What’s different this year is that progressive and pro-Palestinian groups were actively encouraging voters in Wisconsin to pick the “uninstructed delegation.” A similar campaign in Michigan’s Democratic primary in February with the “uncommitted” option yielded more than 100,000 votes, about 13% of the primary vote count, compared with Biden’s 81%.

For comparison, 3% of Michigan Republican voters, more than 33,000, picked “uncommitted” over both Trump and Haley.

A volunteer holds a "Vote Uncommitted" sign outside of a polling station at Oakman School in Dearborn, Michigan, on February 27. - Nic Antaya/Bloomberg/Getty Images
A volunteer holds a "Vote Uncommitted" sign outside of a polling station at Oakman School in Dearborn, Michigan, on February 27. - Nic Antaya/Bloomberg/Getty Images

Any discontent could be consequential

Wisconsin, while it has a smaller Arab American voting population than Michigan, is one of those key battleground states that have been decided by slim margins in recent elections. Trump won the White House by winning states like Wisconsin in 2016 and then lost the White House when Biden took it back for Democrats in 2020.

Read this dispatch from CNN’s Jeff Zeleny and Gregory Krieg on the spoiler role Robert F. Kennedy Jr. could play as an independent candidate in a state like Wisconsin. They note that when the Green Party’s Jill Stein was a candidate in Wisconsin in 2016, Trump won. When Stein was off the ballot in 2020, he lost.

There was an “uncommitted” option on Tuesday’s presidential primary ballots in Connecticut and Rhode Island as well. New York also conducted a primary, but does not list “uncommitted” as an option.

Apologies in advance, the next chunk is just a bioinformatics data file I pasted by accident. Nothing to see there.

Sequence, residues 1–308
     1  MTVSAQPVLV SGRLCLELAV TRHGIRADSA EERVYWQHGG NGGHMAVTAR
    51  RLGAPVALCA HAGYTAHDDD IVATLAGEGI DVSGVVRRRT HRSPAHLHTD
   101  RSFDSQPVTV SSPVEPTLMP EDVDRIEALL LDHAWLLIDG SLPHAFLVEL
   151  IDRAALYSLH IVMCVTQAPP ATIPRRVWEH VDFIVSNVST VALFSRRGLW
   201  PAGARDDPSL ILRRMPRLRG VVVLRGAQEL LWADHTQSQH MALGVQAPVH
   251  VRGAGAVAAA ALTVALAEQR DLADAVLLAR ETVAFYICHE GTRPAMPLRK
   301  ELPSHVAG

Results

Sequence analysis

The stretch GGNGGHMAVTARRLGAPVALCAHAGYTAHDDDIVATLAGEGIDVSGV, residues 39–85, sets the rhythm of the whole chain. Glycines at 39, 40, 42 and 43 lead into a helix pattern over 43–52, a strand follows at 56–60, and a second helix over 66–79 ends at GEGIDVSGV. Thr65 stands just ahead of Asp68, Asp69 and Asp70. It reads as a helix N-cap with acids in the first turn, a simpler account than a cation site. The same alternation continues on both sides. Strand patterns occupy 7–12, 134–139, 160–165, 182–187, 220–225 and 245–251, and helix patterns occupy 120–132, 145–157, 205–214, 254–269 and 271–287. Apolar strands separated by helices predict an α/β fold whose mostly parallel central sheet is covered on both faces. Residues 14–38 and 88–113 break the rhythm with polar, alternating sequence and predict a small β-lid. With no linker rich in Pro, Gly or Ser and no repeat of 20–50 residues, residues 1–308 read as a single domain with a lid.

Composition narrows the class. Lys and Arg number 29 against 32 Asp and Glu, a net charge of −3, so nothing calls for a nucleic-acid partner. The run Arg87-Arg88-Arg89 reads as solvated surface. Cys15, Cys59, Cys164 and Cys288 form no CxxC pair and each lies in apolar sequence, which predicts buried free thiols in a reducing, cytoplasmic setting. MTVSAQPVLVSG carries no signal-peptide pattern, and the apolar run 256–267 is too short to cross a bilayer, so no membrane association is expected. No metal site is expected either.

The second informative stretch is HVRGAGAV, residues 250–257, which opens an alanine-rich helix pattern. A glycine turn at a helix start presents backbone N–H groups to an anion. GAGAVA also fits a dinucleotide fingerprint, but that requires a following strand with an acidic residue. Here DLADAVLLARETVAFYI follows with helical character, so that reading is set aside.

RELATED: In quest to change voting rules, Republicans push ballot measures in key battleground states

A shift on Israel?

There have been some indications after the Michigan protest that Biden and other top Democrats were evolving on Israel.

The US recently allowed a Gaza ceasefire resolution to pass through the United Nations Security Council.

Senate Majority Leader Chuck Schumer, the top elected Jewish official in the country, called for a new election in Israel and sharply criticized Israeli Prime Minister Benjamin Netanyahu.

When a Biden event in North Carolina was interrupted by pro-Palestinian protesters, Biden admitted “they have a point.”

On the other hand, the Biden administration is on the cusp of approving a deal to sell up to 50 American-made F-15 fighter jets to Israel.

As returns roll in from the Wisconsin primary, Biden could have been attending the iftar dinner at the White House to commemorate Ramadan, but it was shifted to a meeting, clear evidence of the frustration he is getting from the Muslim community.

Navigating how to support Israel is complicated for both Biden and Trump. The New York Times recently reported that Trump alarmed right-wing journalists from Israel when he told them in an interview that Israel should “finish up” in Gaza. Whether it was advice or a demand, the comments were far from the full-throated support for Israel that US conservatives might expect.